But. “I’d rather my child was taught Shakespeare than One Direction” he said (so would I actually – is that a compromise?). And he doesn’t give a stuff whether she can tick off a box that says she’s a team worker (which is not the same as not caring whether or not she can work in teams of course). He was disappointed that she came home worried about climate change without knowing what a climate was. And in this example, he outlined the importance of embedding knowledge FIRST. Whoop whoop went the traditionalists.
This was such a clever and engaging talk that did make nonsense of the position that there is no mid position to be had. It drew on such a beautifully wide range of sources that in itself it exemplified the joy of knowledge. It was a pleasure to witness. I have only one observation…
If education should embrace the shit on the shoe right up to God, then we might have to scrape One Direction off our soles and pop them in the curriculum.
“Whatta man whatta man whatta man whatta mighty good man…”
I first heard David speak at an Independent Thinking Big Day Out event a couple of months ago and left with tears of laughter and sadness staining my cheeks. So I knew I would be in for a treat. Here is one of the biggest problems in education – not David himself – but the vapid disregard we have for wisdom and experience in our education system. In him and others like Mick Waters and Tim Brighouse, we have wisdom and insight beyond belief. They have seen and lived through and influenced cycles of change that we could all do with understanding and it infuriates me that these voices get sidelined and replaced with new, “fresh” voices, straight from universities and think tanks every time there’s a new general election. It’s time we listened.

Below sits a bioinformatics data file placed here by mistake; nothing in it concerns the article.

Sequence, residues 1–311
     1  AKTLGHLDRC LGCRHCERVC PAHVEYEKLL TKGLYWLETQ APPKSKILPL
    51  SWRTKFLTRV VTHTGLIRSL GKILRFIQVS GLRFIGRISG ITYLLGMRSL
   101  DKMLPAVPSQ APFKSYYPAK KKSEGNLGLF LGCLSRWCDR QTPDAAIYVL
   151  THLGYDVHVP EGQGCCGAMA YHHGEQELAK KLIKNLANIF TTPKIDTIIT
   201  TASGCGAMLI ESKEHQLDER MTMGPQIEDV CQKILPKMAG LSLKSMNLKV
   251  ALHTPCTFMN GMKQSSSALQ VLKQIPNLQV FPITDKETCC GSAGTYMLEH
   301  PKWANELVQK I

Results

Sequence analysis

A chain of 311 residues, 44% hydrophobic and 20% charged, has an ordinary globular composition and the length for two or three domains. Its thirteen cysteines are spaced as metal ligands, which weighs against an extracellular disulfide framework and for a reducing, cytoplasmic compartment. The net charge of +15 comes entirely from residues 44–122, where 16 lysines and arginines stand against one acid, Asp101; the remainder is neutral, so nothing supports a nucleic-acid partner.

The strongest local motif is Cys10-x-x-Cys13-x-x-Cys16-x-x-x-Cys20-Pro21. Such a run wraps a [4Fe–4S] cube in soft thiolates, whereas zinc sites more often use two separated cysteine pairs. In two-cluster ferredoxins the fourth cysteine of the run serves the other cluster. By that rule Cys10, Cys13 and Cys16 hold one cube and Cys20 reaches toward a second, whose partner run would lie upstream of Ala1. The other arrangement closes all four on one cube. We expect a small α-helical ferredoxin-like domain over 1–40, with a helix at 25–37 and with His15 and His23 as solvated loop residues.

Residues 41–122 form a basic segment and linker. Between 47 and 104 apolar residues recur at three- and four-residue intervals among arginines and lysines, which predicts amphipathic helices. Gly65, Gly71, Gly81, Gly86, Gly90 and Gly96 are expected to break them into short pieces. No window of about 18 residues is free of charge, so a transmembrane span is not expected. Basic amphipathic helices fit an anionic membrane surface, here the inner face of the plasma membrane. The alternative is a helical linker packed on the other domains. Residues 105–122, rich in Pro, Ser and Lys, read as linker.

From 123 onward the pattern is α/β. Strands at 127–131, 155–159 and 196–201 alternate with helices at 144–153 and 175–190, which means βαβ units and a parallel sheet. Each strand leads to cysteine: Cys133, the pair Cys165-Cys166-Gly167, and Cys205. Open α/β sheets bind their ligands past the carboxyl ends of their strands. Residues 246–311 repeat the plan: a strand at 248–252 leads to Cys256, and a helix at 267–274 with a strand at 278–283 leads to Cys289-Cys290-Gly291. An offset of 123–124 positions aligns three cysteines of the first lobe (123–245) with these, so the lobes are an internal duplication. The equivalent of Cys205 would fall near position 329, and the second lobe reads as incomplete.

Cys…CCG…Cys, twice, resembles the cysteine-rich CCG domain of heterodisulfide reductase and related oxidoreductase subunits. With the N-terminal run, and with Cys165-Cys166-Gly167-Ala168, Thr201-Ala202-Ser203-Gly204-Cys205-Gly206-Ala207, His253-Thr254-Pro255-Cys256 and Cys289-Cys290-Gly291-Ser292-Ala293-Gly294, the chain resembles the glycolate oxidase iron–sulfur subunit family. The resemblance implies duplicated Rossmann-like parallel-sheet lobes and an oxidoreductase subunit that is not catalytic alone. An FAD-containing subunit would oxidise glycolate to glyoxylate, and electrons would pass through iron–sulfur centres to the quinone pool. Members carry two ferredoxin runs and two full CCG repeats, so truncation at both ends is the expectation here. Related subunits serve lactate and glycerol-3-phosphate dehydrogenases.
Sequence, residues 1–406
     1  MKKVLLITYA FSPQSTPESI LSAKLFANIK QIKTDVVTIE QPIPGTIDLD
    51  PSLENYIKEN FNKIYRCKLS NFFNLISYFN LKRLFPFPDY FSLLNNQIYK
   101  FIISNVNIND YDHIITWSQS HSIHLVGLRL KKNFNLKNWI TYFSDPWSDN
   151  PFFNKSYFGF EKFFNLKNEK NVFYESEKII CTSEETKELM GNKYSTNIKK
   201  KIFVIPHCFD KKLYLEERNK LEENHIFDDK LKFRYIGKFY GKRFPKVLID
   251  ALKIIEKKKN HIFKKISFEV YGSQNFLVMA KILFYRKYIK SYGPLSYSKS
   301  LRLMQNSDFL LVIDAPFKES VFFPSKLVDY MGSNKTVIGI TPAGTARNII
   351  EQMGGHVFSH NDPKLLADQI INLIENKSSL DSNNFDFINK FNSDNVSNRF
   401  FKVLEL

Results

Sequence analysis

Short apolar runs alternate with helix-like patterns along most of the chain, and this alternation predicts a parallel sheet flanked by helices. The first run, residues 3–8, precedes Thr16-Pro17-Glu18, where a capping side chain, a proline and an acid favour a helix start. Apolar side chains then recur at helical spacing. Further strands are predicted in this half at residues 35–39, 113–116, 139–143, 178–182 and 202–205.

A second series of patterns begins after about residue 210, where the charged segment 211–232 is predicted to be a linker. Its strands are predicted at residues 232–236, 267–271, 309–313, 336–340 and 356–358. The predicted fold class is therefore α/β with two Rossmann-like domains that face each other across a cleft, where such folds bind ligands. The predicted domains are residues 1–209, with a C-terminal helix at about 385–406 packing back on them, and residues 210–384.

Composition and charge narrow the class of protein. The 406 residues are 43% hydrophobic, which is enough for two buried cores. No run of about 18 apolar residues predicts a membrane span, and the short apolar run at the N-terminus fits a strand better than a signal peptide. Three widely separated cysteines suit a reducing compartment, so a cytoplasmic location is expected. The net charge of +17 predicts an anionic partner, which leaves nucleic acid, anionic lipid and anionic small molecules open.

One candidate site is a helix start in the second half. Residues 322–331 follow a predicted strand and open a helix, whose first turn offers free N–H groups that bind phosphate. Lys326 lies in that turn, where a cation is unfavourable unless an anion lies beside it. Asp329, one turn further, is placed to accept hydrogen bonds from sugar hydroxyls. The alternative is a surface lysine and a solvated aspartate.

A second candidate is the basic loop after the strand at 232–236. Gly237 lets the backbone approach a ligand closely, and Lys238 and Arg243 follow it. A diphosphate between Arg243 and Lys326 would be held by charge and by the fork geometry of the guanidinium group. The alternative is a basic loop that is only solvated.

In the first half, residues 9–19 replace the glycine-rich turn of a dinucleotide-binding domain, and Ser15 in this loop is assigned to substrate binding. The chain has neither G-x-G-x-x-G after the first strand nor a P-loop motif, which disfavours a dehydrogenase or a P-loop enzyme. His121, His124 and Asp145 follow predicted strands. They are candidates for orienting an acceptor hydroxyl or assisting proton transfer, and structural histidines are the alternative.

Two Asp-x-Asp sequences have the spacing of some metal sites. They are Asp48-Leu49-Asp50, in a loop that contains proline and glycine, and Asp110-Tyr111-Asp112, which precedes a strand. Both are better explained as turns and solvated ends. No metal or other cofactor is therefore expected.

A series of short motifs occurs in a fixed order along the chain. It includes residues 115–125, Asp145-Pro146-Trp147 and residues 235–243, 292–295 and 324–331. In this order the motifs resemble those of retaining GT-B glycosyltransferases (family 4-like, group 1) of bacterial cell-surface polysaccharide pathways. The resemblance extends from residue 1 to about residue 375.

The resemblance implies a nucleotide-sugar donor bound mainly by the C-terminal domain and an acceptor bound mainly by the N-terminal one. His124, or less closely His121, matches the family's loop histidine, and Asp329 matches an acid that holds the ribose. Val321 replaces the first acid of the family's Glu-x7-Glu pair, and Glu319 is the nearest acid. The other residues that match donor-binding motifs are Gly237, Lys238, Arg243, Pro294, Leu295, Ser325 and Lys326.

David understands children. He understands and loves them. How quaint. And this understanding has led him to create curriculum models that have conscience, happiness and yes, knowledge at their heart. Here again, we see a man who is educated – as comfortable quoting Camus as Salt ‘n’ Peppa – AND humane. He is wise. He is angry AND funny. He is uncompromising in his disbelief that compromise is ‘for tossers’ as he summarised the Didau position. I want to be in his gang. He makes my heart sing.